But let us say this in praise of Nick Clegg.
Politicians are often criticised for simply chasing the centre-ground of public opinion. Not Nick Clegg. For a man who has mislaid half of his voters in six months, he remains admirably willing to strike an unpopular pose which most of his remaining voters reject, albeit that this blog can not make common cause with him on the specific issue.
Clegg argues vociferously against the principle of a 50p tax rate on earnings above £150,000, writing in The Guardian that a very big issue where his "new progressives" differ from "old" is in having the courage to argue for reversing higher taxes on the top 1% of earners even at a time when, he tells us, "the public coffers are empty" and demand "sharp choices".
There are big differences on tax, too. Ed Miliband told the Guardian yesterday that the UK is a "fundamentally unequal society". I agree. He also says that "for some people the gap between the dreams that seem to be on offer and their ability to realise them is wider than it's ever been before".
Again, I agree. The UK is unequal in precisely the way he identifies – in terms of social mobility, life chances and opportunity to move ahead ...
Rather than focusing on social mobility, Miliband grasps at the retention of the 50p top tax rate as his solution. I'm not sure that the members of his own front bench agree with him about this. It is a classic example of old progressive myopia, making a shibboleth of one aspect of the tax system rather than looking at it in the round. Britain's tax system needs real reform, not political posturing.
For this, Clegg should certainly expect to be the darling of The Spectator yet again. (Perhaps they will hail him as heir to Thatcher once more). But he may find that most of his "new progressive" troops will be those firmly on the Thatcherite right, who are frustrated that the Cameron-Osborne government have been to date rather wary about scrapping the top rate. Perhaps Clegg has offered to act as an outrider, trying to soften opposition and to make it easier for the Tories join in.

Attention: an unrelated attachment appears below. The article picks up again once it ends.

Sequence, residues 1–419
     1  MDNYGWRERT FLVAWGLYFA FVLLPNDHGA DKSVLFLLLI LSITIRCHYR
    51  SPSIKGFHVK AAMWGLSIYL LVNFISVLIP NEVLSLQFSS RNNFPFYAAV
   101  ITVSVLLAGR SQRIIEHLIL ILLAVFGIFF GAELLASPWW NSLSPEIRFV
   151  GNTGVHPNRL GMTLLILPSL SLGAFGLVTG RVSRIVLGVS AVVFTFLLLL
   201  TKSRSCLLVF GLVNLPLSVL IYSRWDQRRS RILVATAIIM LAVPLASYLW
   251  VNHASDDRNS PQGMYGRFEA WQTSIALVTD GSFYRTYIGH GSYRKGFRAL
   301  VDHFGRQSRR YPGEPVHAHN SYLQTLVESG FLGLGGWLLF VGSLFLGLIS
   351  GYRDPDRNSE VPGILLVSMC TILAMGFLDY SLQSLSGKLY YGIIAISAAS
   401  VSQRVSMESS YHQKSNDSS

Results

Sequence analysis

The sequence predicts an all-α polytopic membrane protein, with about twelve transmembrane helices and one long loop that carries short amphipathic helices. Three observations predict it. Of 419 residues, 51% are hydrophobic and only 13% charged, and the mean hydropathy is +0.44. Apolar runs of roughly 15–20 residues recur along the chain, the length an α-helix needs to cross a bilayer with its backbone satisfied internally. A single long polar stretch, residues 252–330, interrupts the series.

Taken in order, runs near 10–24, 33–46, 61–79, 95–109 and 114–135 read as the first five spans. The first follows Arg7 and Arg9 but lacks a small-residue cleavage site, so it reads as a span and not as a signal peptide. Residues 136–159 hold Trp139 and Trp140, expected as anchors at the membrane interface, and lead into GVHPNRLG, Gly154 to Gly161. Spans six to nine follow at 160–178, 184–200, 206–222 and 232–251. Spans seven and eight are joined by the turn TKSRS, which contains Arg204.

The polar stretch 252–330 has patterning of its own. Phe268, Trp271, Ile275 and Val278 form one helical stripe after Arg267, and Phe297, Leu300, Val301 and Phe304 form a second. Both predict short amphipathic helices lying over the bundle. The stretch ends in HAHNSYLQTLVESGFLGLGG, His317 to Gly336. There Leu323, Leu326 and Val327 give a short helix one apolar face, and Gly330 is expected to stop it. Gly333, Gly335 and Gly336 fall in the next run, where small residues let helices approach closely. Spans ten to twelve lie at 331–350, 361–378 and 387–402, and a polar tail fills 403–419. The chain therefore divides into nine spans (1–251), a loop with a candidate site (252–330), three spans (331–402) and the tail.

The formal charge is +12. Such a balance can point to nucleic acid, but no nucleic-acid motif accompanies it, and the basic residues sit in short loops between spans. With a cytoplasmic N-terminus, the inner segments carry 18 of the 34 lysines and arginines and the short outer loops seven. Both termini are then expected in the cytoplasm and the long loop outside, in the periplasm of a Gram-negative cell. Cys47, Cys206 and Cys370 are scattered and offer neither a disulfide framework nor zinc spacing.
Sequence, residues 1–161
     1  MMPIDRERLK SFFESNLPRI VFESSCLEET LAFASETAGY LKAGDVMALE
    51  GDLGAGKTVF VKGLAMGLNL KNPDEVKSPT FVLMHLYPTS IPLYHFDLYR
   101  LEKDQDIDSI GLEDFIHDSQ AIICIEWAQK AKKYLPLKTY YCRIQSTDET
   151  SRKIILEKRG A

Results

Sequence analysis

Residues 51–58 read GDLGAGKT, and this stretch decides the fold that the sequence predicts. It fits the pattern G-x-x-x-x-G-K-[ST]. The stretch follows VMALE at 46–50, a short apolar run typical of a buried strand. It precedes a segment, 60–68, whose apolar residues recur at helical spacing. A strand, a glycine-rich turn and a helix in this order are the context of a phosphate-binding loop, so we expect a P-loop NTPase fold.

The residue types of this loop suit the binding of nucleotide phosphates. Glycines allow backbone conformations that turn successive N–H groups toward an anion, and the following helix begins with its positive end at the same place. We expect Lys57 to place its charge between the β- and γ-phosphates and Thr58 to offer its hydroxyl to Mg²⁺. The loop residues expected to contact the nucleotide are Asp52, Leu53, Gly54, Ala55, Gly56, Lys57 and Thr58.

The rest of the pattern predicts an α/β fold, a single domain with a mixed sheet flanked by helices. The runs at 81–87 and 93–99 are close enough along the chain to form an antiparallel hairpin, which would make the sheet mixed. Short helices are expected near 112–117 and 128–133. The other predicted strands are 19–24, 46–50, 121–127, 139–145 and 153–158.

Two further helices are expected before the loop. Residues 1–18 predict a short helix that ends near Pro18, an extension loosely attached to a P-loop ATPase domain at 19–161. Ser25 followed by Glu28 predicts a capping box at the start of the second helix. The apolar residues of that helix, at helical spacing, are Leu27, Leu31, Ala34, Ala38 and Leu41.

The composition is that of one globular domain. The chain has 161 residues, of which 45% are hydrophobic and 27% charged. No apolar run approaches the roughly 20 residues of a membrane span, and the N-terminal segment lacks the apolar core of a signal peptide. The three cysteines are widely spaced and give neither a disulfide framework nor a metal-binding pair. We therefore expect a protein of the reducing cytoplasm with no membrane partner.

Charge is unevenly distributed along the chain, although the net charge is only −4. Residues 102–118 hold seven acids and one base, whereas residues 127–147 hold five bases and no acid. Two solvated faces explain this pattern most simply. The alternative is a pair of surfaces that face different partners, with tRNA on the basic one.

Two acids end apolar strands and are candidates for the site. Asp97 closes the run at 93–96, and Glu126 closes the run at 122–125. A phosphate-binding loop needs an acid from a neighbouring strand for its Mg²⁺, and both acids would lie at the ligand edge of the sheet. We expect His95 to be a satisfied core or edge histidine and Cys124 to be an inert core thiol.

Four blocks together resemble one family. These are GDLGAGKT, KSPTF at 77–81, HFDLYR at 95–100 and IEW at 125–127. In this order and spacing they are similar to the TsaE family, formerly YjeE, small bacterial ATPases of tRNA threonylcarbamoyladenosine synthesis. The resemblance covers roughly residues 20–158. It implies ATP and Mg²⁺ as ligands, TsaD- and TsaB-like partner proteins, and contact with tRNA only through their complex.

But I fear that many of the commentators who will write about Clegg's speech will not give him sufficient credit and acknowledge just how courageously far out of step he is with public opinion, as well as with his own party's supporters. The 50p tax rate is backed by clear majorities of the supporters of every political party, those in every social class, age group and region. But this is rarely reflected given how potent the tax myths of the imaginary centre-ground are with the commentariat.
Indeed 53% of those still sticking with the LibDems would support a 60p top rate on earnings over £150,000 (with 28% against), a proposition also backed by 50% of Tory voters and 54% of the public overall with 29% against. Support for 60p rises to 59% among those who voted LibDem at May's General election, with 26% opposed. I blogged at the time of that ComRes about why I do not agree with the public majority in favour of a 60p top rate on the top 1% of earners, though I am not nearly so far from the centre of public opinion as Clegg is in his arguing so vigorously against 50p too.
In 2009, 69% of LibDems were among the 61% of voters who supported a £100,000 starting rate for the 50p tax, which strikes me as a more plausible proposal (albeit one which is unlikely to come about, given that so-called "Red Ed" remains firmly with the public minority in opposing that modest tax hike for the top 2%).
That "the Coalition Government understands the interests of the wealthy better than the interests of ordinary people" is something which 46% of voters supported (ComRes, mid-October 2010), including 45% of those still supporting the LibDems and 52% of those who voted LibDem in May.
While Clegg's unpopular advocacy highlighting taxes for the top 1% as his big disagreement with Ed Miliband will not in itself help to overturn that perception, Nick Clegg will no doubt be working out some other argument to persuade his voters that they have got him entirely wrong on that one.
Nick Clegg still seems in denial about the fact that his focus on raising the tax threshold is regressive (and especially so when this requires a VAT hike to fund it).
The IFS have confirmed that the bulk of the gains accrue to childless families in the top half of the income distribution, particularly couples who both work.
This is hardly a surprise: the argument that is was pro-poor was comprehensively demolished by David Willetts five years ago, and the progressive measures by which the LibDems hoped to fund this change have mostly now been ditched.
Indeed, this graph captures one big difference between Labour "old progressives" and Clegg's "new progressives": Labour's tax changes reduced inequality, while the Coalition's discretionary tax choices are increasing it.
But Nick Clegg appears to be firmly following Julian Glover's advocacy in The Guardian yesterday that it will be essential to ignore statistical evidence if the Coalition is to keep on whistling a happy tune.
On Tuesday Nick Clegg will give the Hugo Young Memorial lecture at the Guardian premises, and try to persuade his audience that the government draws its strength from ideology, not opportunism. He will step away from government by measurement and defend the liberal idea of individual human advancement
A society reliant on statistical calculation can never be optimistic; all we ever see are the limits and the failures.